The rising cost of death
Cost of dying soars, as funerals reach the most expensive they’ve ever been, according to reports.
The average funeral is estimated to cost around £4,000, with about half of this going towards burial costs including a coffin, paying for the services of a gravedigger and buying the lease for a plot.
Being cremated works out cheaper, however there are other costs involved when opting for this including use of a crematorium. Typically, this accounts for about a third of the average bill.
Whilst the majority of consumers would opt use the services of a funeral director who usually pays the fees involved and then passes these on to the customer, recent findings have shown that basic charges from Councils have soared by as much as 30% across the UK.
The rise in costs comes from Councils trying recoup monies following their budgets being cut.
Research also shows that the cheapest place to be buried in the UK is in Fermanagh & Omagh, Northern Ireland which attracts a £255 fee. However, those living in South West London on average pay around 18 times this at £4,561.
The two main privately run firms, Dignity and the Co-op have recently been referred to the regulators, with MPs citing fears over their domination of the funeral markets enabling them to charge higher prices ultimately leading to consumers suffering the consequences.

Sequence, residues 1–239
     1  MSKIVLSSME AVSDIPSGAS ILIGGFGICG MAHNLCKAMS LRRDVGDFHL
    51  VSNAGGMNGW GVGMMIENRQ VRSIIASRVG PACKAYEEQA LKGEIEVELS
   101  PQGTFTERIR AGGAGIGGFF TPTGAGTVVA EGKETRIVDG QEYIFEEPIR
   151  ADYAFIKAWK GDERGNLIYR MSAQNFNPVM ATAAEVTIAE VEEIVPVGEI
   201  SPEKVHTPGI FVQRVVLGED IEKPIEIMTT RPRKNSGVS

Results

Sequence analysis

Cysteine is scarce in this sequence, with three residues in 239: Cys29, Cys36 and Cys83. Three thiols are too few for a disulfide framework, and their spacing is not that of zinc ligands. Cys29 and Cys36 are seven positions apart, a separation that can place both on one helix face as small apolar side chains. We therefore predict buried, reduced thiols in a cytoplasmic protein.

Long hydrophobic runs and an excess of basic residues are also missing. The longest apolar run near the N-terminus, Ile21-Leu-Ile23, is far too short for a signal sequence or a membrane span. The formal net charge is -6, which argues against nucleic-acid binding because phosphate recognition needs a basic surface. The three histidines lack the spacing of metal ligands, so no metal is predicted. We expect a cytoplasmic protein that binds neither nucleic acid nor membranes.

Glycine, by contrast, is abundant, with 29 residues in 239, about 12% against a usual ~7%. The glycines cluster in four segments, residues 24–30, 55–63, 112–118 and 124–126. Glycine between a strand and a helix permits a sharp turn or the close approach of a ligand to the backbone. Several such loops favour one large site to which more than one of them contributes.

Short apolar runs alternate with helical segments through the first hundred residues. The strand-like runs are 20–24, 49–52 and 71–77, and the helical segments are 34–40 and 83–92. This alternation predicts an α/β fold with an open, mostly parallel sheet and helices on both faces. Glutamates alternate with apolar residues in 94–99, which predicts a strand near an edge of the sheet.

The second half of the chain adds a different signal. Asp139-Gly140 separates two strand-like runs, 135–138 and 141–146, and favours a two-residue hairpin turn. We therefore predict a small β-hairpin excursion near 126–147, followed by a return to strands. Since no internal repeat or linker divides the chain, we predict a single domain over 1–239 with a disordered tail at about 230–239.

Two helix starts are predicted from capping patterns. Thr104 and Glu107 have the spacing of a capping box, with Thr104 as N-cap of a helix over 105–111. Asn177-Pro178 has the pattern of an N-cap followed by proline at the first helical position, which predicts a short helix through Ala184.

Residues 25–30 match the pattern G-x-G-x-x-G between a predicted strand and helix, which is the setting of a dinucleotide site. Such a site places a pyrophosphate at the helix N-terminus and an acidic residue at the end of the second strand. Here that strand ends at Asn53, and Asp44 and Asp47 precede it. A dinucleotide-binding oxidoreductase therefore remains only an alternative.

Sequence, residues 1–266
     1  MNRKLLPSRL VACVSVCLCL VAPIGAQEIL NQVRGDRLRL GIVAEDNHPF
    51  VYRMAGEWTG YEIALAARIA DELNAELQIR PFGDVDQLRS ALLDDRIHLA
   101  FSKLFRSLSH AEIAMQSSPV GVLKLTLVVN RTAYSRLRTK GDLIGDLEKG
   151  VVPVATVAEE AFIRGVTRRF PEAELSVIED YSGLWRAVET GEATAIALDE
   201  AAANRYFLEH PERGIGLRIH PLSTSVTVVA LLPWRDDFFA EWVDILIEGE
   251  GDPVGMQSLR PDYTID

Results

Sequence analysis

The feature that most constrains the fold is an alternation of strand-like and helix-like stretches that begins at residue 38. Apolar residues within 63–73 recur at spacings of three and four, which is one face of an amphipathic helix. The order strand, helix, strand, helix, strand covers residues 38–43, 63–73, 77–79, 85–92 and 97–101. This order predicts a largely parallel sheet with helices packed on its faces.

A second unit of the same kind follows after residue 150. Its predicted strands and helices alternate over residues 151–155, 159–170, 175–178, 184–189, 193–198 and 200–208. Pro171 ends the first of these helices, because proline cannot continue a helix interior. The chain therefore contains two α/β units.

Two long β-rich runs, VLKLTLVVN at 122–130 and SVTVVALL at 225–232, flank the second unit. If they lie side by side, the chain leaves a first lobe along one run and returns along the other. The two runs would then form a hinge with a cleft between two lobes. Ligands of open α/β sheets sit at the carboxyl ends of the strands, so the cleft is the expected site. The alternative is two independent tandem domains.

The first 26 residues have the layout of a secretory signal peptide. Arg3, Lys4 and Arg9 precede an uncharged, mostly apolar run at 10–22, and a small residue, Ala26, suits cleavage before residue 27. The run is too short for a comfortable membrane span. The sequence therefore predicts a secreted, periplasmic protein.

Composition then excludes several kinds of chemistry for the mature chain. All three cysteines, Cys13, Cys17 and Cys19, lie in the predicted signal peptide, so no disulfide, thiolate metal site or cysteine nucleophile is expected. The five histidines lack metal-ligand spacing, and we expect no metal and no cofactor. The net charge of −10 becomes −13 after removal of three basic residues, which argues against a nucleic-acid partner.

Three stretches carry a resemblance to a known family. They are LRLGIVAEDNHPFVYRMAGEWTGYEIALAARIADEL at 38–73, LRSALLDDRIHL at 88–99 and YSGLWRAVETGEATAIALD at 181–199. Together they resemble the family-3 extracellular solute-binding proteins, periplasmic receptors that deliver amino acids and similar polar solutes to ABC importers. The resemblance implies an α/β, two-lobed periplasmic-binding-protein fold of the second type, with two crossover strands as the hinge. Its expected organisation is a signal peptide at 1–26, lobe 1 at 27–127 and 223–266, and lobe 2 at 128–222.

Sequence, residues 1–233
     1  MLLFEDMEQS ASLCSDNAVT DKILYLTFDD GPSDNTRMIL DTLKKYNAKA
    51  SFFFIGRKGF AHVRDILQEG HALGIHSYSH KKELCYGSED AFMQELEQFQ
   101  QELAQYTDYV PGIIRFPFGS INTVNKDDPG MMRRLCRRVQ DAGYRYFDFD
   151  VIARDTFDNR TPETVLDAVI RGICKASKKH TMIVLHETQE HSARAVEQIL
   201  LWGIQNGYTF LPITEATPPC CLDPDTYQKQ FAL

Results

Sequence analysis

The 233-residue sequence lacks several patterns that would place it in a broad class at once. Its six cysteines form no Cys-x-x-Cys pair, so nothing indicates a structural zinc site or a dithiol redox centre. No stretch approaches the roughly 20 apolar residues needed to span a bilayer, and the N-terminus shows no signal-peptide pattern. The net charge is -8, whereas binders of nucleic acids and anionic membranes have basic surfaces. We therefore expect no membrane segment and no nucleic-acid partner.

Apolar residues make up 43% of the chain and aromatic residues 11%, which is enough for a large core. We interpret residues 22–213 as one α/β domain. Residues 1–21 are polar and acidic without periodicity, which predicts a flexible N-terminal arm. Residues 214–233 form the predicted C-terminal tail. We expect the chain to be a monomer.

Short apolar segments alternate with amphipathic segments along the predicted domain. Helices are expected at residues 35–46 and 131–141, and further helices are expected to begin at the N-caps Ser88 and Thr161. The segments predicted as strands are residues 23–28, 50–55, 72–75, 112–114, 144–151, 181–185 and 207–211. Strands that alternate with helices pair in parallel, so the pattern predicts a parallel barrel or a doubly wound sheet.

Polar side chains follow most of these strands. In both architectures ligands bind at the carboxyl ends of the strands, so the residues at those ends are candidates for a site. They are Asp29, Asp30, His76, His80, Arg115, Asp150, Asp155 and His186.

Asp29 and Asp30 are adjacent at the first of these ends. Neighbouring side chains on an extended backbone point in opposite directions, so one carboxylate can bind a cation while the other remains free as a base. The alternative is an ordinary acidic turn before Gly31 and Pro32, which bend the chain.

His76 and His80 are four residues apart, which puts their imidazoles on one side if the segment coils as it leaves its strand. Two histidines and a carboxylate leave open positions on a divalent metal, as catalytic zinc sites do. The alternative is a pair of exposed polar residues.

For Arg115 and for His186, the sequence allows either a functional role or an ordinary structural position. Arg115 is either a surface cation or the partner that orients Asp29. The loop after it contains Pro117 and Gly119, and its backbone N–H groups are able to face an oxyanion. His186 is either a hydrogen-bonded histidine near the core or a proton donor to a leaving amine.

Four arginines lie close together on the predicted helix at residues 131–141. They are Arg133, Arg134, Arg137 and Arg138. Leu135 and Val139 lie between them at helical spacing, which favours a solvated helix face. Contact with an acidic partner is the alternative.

Labour MP John Mann says: “This is a hidden tax on grieving families and the dead. These increases are completely out of order and should not be allowed.
“People have the right to be buried or cremated in the area where they have lived and not penalised in this way by greedy councils.”
Court fees have also increased, leaving relatives of the deceased having to make a decision on whether it is financially viable to challenge a will for fear of cost. For instance, an estate worth around £200,000 would now attract fees of around £10,000. Before the increase in March 2016 the fees would have been around £1,315 – a huge escalation in costs.
In 2014 published statistics showed a high of 178 contested cases in Court compared to just 86 in 2015. During the past decade the number of wills being challenged rose to an all-time high however in the past year this has decreased considerably.
Claire Davis, from Solicitors for the Elderly, said: “Changes to court fees have undoubtedly led to a decrease in the number of contentious probate cases, as people face higher costs for challenging someone’s will.
“The impact this has on cases concerning undue influence is unclear. In these circumstances, anyone wishing to contest a will must provide strong enough evidence to prove the deceased has acted under duress. This has always been one of the most difficult grounds for challenging a will. I would hope that in genuine cases of undue influence, court fees would not deter people from raising a dispute.”
Challenging a will poses difficulties for anyone and where there have been cases of manipulation and a person has changed their will under undue influence, the costs to dispute are having a serious impact on a family member’s ability to contest effectively.